SECOND: they weren't dahlias, they were - I remembered just as I was falling asleep last night - zinneas.
From La Rochelle, we went on to Mutare. If we had stopped and asked a passer by what year it was (no, I don’t know why we would either) I wouldn’t have been at all surprised if he or she had said ‘1985’. It felt like 1985. The clothes in the shop windows (in all five of the shops in town) … the cars … the ads … the signs. Not unpleasant, or ugly – just very dated.
From Mutare, we went up to the (B)Vumba. (The silent 'B' is a colonial 'B', apparently.) This reminded me a bit of the Lake District or maybe of Betys-y-Coed in Wales: a slightly faded mountain resort attractive to romantic and artistic types. But it is spectacularly beautiful and has its own very distinctive charm. (Incidentally, yesterday I mentioned Kenya’s Happy Valley; the Vumba is, it seems, Zimbabwe’s Gay Mountain).
(By the way, it's worth clicking on the photo above to read the signs more clearly....)
We stopped to see this place – once the site of a school (that Robbie’s father Scot attended), then a convent.
During the civil war, the people living here were massacred. Someone put a plaque up in their memory that was subsequently removed and then later put in place again:
We also had a look at Leopard’s Rock, a bright pink hotel that the Queen of England (and her mother) once stayed in – in the 1950s, I think. It was pretty hideous and I didn’t take any photos, though now, of course, I regret this fact as I would like to have shared the horror with you.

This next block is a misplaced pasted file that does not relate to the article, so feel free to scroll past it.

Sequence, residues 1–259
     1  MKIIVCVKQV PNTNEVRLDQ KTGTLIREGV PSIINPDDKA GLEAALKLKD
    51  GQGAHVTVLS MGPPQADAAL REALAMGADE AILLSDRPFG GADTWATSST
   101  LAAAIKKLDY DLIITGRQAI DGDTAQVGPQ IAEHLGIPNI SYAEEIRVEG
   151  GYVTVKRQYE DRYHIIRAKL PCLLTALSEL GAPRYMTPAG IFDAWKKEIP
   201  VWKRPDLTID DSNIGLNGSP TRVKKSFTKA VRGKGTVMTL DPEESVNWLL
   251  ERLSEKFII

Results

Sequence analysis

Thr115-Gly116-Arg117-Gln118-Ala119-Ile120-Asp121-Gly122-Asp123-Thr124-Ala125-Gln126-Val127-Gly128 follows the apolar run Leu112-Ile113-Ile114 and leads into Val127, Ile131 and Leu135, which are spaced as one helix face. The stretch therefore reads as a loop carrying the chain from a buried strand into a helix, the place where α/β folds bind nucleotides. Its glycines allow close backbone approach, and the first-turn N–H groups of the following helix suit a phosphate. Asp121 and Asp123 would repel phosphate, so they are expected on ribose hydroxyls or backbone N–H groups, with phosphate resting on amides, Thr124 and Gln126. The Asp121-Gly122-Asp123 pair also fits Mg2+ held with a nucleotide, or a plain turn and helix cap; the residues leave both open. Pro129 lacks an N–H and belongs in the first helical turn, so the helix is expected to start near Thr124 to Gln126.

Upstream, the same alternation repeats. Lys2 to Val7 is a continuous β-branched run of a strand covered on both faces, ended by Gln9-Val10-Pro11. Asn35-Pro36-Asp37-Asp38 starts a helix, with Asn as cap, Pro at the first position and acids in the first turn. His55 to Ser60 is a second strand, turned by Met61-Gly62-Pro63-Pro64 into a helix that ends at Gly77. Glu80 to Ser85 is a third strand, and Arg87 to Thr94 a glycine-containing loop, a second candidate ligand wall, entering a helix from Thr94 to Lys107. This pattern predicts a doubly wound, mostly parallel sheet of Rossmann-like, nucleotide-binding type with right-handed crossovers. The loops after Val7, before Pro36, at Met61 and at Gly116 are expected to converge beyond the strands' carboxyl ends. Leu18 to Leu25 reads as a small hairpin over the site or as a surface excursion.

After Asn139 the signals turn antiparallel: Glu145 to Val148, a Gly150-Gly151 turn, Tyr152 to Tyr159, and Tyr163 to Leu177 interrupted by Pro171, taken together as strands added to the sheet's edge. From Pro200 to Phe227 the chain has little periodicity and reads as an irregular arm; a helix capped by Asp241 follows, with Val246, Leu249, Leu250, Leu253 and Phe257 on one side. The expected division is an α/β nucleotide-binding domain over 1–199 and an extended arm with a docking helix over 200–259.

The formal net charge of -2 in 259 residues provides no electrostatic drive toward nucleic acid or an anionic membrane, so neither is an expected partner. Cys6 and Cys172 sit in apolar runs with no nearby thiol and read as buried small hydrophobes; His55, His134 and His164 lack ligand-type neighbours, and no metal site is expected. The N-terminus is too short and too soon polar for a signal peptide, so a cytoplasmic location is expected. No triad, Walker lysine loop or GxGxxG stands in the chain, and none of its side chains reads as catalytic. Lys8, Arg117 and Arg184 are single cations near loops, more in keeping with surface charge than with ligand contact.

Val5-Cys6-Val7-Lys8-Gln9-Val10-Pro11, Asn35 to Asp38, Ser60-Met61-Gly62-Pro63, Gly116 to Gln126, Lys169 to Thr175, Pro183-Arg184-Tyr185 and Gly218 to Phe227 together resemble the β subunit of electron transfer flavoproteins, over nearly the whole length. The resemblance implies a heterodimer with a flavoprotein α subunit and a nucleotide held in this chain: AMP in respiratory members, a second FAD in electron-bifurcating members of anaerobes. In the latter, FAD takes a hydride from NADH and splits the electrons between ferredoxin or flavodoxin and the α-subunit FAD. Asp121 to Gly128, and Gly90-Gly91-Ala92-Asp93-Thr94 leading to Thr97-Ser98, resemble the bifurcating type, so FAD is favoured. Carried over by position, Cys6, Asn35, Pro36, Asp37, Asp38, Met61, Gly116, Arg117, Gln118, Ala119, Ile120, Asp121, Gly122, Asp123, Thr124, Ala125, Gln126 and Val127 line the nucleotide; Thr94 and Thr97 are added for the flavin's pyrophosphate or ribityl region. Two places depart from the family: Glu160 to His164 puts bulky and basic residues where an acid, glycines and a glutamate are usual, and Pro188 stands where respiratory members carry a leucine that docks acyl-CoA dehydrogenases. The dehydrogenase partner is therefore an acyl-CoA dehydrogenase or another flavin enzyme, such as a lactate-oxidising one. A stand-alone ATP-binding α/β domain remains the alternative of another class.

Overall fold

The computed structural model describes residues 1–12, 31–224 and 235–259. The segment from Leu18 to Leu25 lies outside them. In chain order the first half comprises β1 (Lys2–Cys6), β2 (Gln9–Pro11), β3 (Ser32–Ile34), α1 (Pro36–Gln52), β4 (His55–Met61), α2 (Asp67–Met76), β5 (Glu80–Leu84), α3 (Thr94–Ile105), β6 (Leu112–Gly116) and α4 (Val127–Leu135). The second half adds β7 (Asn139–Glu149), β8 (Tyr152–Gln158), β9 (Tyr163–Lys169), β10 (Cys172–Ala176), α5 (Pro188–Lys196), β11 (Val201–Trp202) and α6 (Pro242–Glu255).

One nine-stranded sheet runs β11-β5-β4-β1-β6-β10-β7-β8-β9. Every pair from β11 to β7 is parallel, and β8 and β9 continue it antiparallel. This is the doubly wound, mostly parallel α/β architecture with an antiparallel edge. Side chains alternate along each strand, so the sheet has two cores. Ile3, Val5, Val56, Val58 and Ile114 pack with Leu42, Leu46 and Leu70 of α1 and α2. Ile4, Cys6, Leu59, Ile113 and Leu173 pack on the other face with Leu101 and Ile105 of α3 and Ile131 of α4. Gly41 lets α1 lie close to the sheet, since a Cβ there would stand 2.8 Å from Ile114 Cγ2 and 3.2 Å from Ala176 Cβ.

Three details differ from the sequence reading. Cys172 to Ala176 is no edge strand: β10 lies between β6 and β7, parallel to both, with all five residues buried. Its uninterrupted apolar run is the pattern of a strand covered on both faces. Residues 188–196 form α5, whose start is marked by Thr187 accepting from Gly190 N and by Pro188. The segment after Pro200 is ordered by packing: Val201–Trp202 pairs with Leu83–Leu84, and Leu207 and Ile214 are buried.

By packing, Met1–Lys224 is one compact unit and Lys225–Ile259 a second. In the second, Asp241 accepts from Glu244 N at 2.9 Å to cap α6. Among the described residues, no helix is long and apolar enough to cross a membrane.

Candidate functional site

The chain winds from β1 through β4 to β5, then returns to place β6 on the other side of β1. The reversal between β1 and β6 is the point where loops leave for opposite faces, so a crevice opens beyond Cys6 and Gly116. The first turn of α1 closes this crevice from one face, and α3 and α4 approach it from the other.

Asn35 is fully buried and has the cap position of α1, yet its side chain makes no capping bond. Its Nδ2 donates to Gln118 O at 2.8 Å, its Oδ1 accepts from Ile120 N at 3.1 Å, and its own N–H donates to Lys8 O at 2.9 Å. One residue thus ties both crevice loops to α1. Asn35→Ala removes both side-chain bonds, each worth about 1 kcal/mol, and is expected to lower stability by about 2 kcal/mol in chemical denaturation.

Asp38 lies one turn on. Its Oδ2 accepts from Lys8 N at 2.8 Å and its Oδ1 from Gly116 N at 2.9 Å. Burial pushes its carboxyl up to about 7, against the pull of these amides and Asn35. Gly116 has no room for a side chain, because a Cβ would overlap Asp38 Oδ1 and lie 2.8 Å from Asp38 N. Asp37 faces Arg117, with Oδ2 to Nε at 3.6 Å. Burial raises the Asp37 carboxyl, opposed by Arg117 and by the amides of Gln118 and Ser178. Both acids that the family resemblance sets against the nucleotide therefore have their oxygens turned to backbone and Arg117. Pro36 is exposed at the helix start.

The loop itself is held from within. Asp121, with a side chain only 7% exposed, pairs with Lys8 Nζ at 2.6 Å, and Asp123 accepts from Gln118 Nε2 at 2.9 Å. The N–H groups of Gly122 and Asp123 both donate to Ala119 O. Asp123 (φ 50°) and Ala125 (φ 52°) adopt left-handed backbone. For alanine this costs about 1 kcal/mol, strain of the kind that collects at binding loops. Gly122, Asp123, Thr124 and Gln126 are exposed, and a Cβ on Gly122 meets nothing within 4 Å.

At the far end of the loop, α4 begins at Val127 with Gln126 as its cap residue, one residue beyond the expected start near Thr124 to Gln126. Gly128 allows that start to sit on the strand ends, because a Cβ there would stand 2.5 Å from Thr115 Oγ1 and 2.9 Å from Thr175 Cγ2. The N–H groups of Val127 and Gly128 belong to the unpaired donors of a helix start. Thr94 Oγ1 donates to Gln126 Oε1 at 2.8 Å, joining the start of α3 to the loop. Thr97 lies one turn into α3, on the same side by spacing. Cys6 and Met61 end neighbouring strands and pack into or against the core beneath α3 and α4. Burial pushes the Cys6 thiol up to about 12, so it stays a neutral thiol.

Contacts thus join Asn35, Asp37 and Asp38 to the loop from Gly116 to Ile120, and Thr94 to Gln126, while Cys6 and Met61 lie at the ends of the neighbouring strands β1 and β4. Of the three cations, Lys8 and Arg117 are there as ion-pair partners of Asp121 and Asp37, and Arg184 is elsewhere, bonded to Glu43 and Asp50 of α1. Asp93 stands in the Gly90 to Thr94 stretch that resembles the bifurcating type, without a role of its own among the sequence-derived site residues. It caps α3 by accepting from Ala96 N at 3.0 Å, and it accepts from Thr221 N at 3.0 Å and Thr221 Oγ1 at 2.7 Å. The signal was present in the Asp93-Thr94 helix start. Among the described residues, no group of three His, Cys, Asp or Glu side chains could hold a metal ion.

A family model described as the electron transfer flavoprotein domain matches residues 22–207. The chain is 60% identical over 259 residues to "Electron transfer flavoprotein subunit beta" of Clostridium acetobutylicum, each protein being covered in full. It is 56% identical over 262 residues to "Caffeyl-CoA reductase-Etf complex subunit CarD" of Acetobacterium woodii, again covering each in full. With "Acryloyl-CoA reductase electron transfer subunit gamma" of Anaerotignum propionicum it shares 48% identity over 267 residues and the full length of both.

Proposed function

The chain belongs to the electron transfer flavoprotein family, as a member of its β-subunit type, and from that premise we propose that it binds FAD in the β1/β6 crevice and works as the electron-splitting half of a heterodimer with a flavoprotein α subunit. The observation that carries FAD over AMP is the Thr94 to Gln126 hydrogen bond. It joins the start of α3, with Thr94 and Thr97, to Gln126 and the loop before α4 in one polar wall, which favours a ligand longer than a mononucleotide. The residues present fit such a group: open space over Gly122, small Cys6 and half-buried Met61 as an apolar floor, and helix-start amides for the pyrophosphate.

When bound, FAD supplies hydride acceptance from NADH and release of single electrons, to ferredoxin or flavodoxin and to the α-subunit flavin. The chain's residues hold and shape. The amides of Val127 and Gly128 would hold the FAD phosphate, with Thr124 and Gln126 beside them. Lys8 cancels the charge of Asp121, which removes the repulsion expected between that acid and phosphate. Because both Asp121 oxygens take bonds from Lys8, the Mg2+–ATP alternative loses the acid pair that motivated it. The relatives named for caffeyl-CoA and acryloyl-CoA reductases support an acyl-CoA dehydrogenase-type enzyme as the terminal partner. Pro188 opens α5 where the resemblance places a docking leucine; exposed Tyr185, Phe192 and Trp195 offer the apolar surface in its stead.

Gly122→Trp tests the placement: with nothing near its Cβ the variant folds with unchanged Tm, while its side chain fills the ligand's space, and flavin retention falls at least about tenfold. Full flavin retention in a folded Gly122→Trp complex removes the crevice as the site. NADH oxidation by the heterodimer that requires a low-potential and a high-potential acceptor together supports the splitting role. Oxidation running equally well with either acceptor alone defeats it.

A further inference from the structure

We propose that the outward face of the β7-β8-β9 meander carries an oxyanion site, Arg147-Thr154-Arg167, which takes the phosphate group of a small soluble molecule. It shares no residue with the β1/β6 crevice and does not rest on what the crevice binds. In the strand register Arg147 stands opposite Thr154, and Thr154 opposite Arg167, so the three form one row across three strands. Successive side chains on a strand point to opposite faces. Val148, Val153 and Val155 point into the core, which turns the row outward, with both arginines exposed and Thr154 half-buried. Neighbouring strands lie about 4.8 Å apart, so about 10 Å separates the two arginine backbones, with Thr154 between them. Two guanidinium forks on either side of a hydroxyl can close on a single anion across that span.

Unfortunately, because of problems with power cuts and missed emails, the place we thought we were staying didn’t have a room for us, so we had to search for somewhere else. We tried four hotels, each more dated than the one before. The first was fairly 1990s in style and back in time we went till we arrived at Inn on the Vumba. Have you ever seen a woman of a certain age who clings to the style of her 'peak' decade? On the same principle, Inn on the Vumba looks as though it peaked in the mid 1960s.
It was the full colonial experience: waiters in bow ties, funny printed menus (but only two for the whole restaurant), morning tea (at 6.30 – early rising in Africa), melba toast and pork chops in thick sauce. It was fantastic. Oh, and no power because of load shedding so we dined by the light of half a dozen candles and a couple of emergency back up lights.
Sitting on the terrace, I had my first Malawian shandy (Mazoe orange squash, bitters and lemonade), swiftly followed by gin and a chaser of seven mosquitoes I swallowed because my jaw had dropped open and stayed in that position.
The sheets were clean, it cost $40 per night, and I felt two pink gins away from an affair with a Great White Hunter. What more could you ask for? A view?
Will this do?
I will try to post tomorrow ... otherwise (snow and South African Airways permitting) my next post will be on Thursday from Dublin!